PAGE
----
By Troy Fedderson, University Communications
UNL faculty, staff and administrators from academics to athletics have spent the last year meeting with Big Ten counterparts to prepare for the new relationship with the Big Ten Conference.
Members of the Big Ten and its Committee on Institutional Cooperation have come to Lincoln to become familiar with UNL's people and programs. And, by all accounts, the transition has gone smoothly.
"We have worked for the last year to set the stage for UNL's entry into the Big Ten and the CIC. At no time has any part of this transition felt forced, strained or stretched because UNL is a natural fit for the Big Ten." - Barbara McFadden Allen, director of the CIC
UNL is indeed similar to other Big Ten universities. It is a land-grant institution like seven others in the conference and UNL is a major research university. Nebraska is contiguous to states in the Big Ten Conference. UNL has a high percentage (around 30 percent) of faculty who have degrees from CIC universities. And UNL faculty and administrators have shown an intense desire for collaboration — both across disciplines among campus units and with other institutions around the world.
"This is going to be a partnership that will thrive for many, many years," said Allen.
However, UNL still has some work to do to measure up academically to Big Ten counterparts.
"The Big Ten is much more than a new group of teams with which we will compete," said Chancellor Harvey Perlman. "This new relationship is an enormous leap forward for UNL academics. The Big Ten is a historically prestigious and stable academic community of scholars and students, highly regarded in academic circles."
Among those strength gauges, UNL does rank high in growth in both enrollment and research funding. In the last five years, enrollment has grown 13.5 percent at UNL — a figure that ranks near the top among Big Ten institutions. And, from 1999 to 2008, research funding at UNL has increased by 121 percent. That figure is second only to Ohio State University.
While UNL administrators, faculty and staff are ready to work on strengthening campus academic programs, the university does boast programs that are attractive to Big Ten and CIC institutions.
Those unique programs include the digital humanities project, the Global Water Institute, climate study, life sciences initiative and the water center.
While working with Big Ten peers, UNL faculty have been named to a variety of CIC committees and initiatives. UNL representatives have also participated in a pair of collaborative research projects offered through the CIC. Those projects include work to address traumatic brain injuries and international competitiveness.
Allen said the Center for Advanced Study in International Competitiveness will present a variety of opportunities for UNL faculty. The center — which is the CIC's first large scale collaborative research effort across the consortium — will provide research leadership in the study of complex international competitiveness issues that have scholarly and practical significance, particularly those with public-policy implications.
Access to materials through the UNL Libraries will also increase with CIC membership. Books in the library will be added to the CIC's digital book project. The project offers more than 85 million books and volumes to CIC member institutions. The program eclipses a similar Ivy League initiative, which offers around 60 million books.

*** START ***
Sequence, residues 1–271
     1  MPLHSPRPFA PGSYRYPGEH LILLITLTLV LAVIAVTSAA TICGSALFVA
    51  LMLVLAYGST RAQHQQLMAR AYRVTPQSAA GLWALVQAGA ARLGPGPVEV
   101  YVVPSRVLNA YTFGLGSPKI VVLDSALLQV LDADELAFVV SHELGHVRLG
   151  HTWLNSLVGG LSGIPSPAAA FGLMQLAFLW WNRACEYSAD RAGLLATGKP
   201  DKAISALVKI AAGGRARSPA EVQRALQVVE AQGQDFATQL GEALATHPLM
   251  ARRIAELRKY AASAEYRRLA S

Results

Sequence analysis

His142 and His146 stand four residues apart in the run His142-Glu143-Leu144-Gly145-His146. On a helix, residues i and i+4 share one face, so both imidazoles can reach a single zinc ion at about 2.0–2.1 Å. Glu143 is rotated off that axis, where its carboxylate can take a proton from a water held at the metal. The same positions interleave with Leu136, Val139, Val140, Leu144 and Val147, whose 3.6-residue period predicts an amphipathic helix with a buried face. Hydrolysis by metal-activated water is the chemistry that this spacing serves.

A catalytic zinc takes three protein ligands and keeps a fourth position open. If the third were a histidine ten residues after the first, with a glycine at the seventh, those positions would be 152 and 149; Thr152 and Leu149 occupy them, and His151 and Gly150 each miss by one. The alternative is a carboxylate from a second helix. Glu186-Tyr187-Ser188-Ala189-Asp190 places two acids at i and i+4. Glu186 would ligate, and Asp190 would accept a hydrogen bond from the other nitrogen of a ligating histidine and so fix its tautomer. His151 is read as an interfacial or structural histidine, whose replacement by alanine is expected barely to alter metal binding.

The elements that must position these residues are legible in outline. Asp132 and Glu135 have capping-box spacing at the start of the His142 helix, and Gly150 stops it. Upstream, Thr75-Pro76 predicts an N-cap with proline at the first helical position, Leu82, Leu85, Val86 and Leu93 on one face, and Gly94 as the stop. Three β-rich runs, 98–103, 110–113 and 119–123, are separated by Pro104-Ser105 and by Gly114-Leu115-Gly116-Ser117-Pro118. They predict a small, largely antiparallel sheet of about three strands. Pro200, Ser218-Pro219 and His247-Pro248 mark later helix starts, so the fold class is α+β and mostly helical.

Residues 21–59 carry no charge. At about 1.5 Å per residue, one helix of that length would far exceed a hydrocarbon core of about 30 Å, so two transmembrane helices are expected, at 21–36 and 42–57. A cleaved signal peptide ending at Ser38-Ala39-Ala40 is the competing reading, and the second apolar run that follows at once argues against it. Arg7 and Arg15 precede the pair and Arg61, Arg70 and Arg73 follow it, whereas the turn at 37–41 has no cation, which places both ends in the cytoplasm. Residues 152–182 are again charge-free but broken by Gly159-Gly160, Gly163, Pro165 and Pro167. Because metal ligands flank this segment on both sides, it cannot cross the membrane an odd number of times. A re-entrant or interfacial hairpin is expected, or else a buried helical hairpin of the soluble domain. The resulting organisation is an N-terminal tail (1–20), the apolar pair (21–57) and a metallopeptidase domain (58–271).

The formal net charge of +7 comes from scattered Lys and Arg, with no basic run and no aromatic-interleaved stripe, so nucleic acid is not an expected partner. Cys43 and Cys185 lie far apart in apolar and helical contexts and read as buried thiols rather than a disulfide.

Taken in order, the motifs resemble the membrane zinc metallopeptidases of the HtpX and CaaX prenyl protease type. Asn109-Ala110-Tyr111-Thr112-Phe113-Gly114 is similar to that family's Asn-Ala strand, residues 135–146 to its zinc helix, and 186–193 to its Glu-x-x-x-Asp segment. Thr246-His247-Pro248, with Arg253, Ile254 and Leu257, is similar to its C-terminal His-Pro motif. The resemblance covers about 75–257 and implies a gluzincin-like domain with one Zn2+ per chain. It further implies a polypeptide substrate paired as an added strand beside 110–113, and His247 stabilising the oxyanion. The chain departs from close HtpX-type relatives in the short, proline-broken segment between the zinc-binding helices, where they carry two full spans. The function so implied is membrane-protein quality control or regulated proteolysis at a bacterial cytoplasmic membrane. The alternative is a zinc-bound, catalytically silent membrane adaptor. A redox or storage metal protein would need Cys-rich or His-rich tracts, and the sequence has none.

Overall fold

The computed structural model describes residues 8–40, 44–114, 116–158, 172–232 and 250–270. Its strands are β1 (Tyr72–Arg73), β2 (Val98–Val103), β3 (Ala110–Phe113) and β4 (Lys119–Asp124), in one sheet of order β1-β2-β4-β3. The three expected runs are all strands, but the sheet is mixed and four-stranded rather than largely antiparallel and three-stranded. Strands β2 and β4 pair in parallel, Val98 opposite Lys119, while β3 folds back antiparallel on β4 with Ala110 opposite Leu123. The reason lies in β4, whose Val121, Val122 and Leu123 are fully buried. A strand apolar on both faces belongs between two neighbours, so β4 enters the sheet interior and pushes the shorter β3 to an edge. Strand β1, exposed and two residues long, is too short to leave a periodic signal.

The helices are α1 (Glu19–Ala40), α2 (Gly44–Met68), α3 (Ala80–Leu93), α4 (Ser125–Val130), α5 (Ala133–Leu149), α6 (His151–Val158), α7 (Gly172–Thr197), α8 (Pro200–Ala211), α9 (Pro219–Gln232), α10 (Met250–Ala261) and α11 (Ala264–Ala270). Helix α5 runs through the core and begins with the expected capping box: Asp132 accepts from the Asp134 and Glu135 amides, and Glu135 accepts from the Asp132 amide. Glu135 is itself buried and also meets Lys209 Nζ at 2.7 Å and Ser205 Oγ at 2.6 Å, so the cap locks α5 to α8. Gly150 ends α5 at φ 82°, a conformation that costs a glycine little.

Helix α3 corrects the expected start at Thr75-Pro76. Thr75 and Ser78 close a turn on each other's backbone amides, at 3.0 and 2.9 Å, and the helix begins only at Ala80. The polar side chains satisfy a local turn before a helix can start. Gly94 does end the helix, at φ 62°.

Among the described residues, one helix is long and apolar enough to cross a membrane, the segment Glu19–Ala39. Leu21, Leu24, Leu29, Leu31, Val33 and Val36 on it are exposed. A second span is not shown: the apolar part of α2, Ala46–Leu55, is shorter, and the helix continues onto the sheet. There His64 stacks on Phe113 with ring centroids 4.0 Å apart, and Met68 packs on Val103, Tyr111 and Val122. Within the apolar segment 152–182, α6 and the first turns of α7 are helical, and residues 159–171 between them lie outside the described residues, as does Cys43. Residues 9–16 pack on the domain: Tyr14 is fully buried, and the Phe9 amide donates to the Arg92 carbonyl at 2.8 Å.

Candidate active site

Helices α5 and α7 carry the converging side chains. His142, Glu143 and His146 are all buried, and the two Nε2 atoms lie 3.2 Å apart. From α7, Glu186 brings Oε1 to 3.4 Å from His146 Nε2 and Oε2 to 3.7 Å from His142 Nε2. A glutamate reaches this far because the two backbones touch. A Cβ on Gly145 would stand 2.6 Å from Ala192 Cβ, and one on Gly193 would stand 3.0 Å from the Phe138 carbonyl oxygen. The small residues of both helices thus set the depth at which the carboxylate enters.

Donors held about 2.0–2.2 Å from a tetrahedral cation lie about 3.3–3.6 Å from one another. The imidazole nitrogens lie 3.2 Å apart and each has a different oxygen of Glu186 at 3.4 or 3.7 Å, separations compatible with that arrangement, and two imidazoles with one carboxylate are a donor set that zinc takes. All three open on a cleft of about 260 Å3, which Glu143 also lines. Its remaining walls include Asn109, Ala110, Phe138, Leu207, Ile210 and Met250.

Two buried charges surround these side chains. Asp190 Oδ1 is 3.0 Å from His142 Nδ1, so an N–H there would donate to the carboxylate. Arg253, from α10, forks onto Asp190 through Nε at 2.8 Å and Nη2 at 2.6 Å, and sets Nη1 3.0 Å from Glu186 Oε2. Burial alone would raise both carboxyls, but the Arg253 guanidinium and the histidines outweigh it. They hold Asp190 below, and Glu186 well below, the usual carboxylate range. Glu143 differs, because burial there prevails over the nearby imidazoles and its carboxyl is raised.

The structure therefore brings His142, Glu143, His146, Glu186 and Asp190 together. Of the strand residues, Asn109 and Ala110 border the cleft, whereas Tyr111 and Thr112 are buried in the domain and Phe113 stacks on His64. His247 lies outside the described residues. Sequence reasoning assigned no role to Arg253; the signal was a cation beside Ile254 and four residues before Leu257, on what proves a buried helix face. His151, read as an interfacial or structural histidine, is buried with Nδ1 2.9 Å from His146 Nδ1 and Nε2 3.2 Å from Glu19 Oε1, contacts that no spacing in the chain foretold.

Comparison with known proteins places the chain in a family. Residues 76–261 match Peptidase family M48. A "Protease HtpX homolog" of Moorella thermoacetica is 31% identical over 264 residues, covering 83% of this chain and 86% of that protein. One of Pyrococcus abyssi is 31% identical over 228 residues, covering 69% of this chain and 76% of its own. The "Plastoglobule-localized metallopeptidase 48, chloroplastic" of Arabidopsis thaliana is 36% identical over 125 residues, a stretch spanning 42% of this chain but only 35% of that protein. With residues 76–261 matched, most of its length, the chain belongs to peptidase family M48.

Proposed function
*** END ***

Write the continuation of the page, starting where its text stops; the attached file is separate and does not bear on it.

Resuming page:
And, UNL technology is also already working to support the CIC. Through an agreement signed earlier this year, UNL is providing network backup in case CIC internet access is disrupted.
One of the first programs UNL students will encounter is the CIC's course-sharing program. As the name implies, the program allows for unique courses (in particular areas of foreign language study) to be offered across CIC institutions. The CIC also offers a variety of study abroad opportunities for students.
"The Big Ten Conference is the oldest athletic conference in the nation," said Allen. "There is a long standing, stable partnership on the athletic side. But, the presidents recognized that they are truly peer institutions with much more in common than other conferences."
She said Big Ten officials have stuck by the idea that member institutions should be powerhouses in both athletics and academics.
"That sustained level of commitment is what has enabled Big Ten institutions to collaborate in ways that are not possible in any other conference," said Allen. "We found that same spirit when we visited Lincoln. It's also why UNL is such a natural fit for the Big Ten and the CIC."
What is the CIC?
The Committee on Institutional Cooperation (CIC) is a consortium of the Big Ten member universities plus the University of Chicago. For more than half a century, these world-class research institutions have advanced their academic missions, generated unique opportunities for students and faculty, and served the common good by sharing expertise, leveraging campus resources, and collaborating on innovative programs. Governed and funded by the Provosts of the member universities, CIC mandates are coordinated by a staff from its Champaign, Ill., headquarters.
University of Chicago
University of Illinois
University of Iowa
University of Michigan
Michigan State University
University of Minnesota
University of Nebraska-Lincoln
Ohio State University
Pennsylvania State University
University of Wisconsin-Madison